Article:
Here’s what it looks like. Science-y stuff happens, a lot of stuff, a lot of detail, a lot of things evolving into other things, a lot of plot twists, a lot of introspection, and involvement of a literary theme that results in a resonating sort of poetry. In this story, some of the sentences, transitions, and logic seemed to have needed a critique group’s once-over. However, it seems that a book with the right stuff – and not necessarily perfect sentences – is a selling book.
As in After London, there are also detailed blocks of description. I will have to see how other authors handle this in future books. Me, I always try to get it down to impressionistic swashes, so as not to slow the story down. (I may have another lesson here: we’ll see.) And, of course, London is destroyed, this time by a sentient “superbright” computer machine named Moon Wolf.
It is completely appropriate that this 1992 tale takes its physics from Frankenstein, since it seems to have appropriated the limbs of quite a few other stories: the sentience of dogs and simulated landscapes of The Dream Master, the alien machine that changes the galaxy in The Centauri Device (1975), the narrator’s role in the story in Engine Summer (1979), the entry by a Muslim space man into a massive alien artifact in The Unreasoning Mask (1981), Muslim cyberpunk in When Gravity Fails (1988), the tarot card voodoo and military chevals of Bone Dance (1992) and of course, a huge collection of vital organs from the cyberspace of Neuromancer 1984. And that’s just from the stories I’ve read so far.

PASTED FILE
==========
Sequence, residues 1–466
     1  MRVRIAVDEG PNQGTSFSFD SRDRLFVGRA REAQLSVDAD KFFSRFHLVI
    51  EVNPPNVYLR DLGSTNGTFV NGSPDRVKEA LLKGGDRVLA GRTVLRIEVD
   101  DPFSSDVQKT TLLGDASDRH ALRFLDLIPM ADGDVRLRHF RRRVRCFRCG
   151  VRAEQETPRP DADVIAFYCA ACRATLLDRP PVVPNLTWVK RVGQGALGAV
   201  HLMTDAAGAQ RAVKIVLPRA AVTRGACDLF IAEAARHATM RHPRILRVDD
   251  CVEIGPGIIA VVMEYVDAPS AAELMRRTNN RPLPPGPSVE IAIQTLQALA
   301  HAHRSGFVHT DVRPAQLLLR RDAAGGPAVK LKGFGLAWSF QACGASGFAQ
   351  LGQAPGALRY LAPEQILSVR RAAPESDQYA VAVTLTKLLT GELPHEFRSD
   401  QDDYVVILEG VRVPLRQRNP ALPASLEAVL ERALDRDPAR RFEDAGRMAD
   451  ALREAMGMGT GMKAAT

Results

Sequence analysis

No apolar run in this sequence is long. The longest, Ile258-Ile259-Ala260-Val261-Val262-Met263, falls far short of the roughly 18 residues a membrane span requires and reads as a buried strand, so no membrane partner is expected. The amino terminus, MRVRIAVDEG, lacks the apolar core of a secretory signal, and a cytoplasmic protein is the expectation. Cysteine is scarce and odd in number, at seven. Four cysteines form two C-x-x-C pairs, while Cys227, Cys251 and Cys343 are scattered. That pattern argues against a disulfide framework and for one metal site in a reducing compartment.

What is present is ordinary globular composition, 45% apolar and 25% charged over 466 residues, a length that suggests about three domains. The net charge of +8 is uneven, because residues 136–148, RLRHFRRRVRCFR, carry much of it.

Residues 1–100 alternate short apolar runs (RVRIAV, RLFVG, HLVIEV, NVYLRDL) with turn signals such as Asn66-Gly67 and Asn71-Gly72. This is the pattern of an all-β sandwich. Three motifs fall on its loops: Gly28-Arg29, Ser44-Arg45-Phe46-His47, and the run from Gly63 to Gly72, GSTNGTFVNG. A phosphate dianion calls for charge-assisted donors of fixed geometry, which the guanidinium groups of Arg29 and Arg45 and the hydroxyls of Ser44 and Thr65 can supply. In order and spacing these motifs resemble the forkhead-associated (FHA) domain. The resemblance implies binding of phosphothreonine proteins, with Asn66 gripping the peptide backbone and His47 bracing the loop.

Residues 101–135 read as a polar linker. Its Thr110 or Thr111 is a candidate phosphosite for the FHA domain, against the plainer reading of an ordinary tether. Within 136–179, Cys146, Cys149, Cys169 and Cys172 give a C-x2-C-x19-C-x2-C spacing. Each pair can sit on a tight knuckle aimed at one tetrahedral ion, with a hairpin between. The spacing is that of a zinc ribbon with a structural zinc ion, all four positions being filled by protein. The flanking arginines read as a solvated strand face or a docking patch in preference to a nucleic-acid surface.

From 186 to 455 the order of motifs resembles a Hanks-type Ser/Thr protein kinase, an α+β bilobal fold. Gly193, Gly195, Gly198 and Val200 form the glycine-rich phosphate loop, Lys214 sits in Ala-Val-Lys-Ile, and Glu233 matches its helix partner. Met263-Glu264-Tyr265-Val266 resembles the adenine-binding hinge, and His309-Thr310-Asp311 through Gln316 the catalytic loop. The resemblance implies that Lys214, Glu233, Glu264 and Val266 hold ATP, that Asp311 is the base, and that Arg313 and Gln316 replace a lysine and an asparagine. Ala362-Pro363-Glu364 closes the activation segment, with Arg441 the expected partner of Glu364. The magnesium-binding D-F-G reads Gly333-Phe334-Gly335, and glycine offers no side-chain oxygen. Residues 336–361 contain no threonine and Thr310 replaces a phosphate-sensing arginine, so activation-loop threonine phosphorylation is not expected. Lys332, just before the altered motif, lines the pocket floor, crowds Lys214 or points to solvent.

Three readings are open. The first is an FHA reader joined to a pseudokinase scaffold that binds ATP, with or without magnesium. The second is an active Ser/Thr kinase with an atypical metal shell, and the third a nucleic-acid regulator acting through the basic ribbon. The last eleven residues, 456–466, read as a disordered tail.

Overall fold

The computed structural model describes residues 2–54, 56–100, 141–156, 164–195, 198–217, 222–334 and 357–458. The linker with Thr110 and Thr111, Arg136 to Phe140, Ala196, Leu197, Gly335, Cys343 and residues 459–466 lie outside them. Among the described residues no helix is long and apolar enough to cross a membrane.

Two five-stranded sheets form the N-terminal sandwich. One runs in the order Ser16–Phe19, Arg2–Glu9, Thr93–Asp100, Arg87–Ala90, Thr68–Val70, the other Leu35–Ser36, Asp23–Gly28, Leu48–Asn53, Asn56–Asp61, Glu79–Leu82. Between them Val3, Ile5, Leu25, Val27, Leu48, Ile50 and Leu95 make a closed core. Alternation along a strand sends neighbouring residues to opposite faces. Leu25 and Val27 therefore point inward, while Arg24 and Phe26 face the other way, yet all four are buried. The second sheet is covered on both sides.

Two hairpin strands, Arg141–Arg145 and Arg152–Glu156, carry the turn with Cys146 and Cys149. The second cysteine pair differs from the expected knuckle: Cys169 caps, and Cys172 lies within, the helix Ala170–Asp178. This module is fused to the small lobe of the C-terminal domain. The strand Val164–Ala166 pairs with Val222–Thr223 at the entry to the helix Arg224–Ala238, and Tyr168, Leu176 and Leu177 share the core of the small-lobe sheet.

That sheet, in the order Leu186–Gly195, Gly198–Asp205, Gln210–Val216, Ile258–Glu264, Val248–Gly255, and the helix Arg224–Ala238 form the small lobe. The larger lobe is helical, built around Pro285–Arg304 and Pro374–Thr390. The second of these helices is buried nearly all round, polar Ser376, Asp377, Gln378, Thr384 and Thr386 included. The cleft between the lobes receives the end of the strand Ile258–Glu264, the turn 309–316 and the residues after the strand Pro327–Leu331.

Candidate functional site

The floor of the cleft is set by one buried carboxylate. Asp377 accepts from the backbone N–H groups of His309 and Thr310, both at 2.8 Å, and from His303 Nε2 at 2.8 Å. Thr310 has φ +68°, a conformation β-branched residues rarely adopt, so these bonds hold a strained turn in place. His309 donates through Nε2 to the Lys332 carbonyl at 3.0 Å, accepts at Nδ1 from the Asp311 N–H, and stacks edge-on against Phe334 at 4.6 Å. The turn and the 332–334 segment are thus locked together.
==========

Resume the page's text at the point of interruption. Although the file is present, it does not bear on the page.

Of course, that’s not to say that this book wasn’t an influence itself, possibly on Greg Egan’s Permutation City and the autumnal-poetic tone of a lesbian protagonist in Nicola Griffith’s Slow River. But the myriad of “influences” may be the reason why this easily read, imaginative, angst-poetic and darkly subversive story was often nominated, but not an award winner.
Lessons. A selling book must have the elements of the science fiction story: stuff, new stuff in every chapter, evolution of science, plot twists, poetic resonance from thematic values, and introspection. Still, just knitting together the concepts of other stories will not make an original story. Also, there may also be a hint of a future lesson here on descriptions, which I will be looking for in my upcoming books.